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S.Africa’s top court opens up domestic trade in rhino horn

South Africa’s highest court Wednesday rejected a bid by the government to keep a ban on domestic trade in rhino horn, a court document showed.

The ruling by the Constitutional Court effectively means rhino horns may be traded locally.

The department of environmental affairs had sought to retain a moratorium on domestic trade in rhino horns which was dismissed by last year by another court.

In a one paragraph ruling, the Constitutional Court ruled that the application by government be “dismissed”.

Environmental department spokesman Albie Modise said authorities were still considering the implications of the judgment.

“It is important to note that permits are required to sell or buy rhino horn,” he said in a statement.

The ruling will have little impact outside South Africa because a ban on international trade is still in force.

Breeders believe open trade is the only way to stop poachers slaughtering rhino.

“We are absolutely delighted at the ruling by the Constitutional Court,” Pelham Jones, chairman of the Private Rhino Owners Association, told AFP.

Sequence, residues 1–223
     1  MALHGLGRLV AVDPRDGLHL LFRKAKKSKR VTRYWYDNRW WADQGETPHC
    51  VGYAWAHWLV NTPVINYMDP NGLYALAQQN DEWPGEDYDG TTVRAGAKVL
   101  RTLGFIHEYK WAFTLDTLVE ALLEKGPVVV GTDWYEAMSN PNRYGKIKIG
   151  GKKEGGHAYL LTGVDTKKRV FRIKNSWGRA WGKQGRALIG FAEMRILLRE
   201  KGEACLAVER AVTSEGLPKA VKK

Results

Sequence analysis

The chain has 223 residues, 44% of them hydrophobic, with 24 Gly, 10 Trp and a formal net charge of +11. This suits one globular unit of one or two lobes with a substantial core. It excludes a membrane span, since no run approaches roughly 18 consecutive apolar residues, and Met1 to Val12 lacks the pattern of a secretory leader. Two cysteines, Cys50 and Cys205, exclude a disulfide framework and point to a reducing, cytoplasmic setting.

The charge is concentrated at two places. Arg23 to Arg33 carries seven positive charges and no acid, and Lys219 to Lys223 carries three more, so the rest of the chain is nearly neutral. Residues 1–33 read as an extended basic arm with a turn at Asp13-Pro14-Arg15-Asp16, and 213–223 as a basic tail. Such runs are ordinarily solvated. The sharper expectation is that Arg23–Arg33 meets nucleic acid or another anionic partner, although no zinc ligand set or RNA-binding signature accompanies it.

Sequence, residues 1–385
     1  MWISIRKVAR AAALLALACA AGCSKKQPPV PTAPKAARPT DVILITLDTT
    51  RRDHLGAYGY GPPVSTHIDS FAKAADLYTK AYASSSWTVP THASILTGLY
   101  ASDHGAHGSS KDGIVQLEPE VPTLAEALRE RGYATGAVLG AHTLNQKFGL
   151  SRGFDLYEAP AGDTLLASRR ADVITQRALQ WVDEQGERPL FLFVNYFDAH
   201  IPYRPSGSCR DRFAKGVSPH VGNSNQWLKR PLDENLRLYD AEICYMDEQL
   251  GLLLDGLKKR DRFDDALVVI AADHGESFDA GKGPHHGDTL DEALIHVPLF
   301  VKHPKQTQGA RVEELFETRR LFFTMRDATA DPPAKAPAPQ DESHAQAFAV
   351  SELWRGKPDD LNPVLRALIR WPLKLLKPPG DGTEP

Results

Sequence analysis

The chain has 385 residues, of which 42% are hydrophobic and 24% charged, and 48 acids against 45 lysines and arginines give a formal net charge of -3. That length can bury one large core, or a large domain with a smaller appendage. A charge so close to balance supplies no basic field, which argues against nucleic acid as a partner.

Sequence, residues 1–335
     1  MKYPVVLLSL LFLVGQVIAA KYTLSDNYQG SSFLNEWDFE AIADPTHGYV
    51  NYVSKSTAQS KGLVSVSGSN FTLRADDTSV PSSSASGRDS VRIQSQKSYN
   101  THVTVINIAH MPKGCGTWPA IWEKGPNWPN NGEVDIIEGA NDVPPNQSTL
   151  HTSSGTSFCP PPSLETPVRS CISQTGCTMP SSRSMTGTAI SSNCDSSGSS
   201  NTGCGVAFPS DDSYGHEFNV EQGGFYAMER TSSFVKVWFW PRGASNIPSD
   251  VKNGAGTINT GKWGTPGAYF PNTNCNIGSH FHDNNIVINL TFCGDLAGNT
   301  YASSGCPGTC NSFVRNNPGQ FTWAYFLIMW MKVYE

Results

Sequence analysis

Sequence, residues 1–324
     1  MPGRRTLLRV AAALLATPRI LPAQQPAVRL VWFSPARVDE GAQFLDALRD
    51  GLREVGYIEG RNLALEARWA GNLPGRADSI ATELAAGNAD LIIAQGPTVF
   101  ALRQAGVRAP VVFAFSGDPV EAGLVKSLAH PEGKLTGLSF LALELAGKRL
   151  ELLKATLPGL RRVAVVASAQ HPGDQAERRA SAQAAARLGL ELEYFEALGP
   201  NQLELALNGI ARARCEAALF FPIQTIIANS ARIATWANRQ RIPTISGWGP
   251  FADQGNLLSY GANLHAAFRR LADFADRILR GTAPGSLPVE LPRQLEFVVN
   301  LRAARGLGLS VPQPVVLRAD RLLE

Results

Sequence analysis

South Africa is home to around 20,000 rhinos, around 80 percent of the worldwide population, about a third of which is held by private breeders.

Rhino breeders want the booming Asian demand for rhino horn to be met by horns sawn off anaesthetised live animals, arguing that a legal source of horn could end poaching deaths.

The horns grow back, but most conservationists disagree with the proposed policy.

Rhino horn is composed mainly of keratin, the same component as in human nails.

It is sold in powdered form as a supposed cure for cancer and other diseases — as well as an aphrodisiac — in Vietnam and China.

At least 1,054 rhino were killed by poachers in South Africa in 2016, a slight decrease from previous year.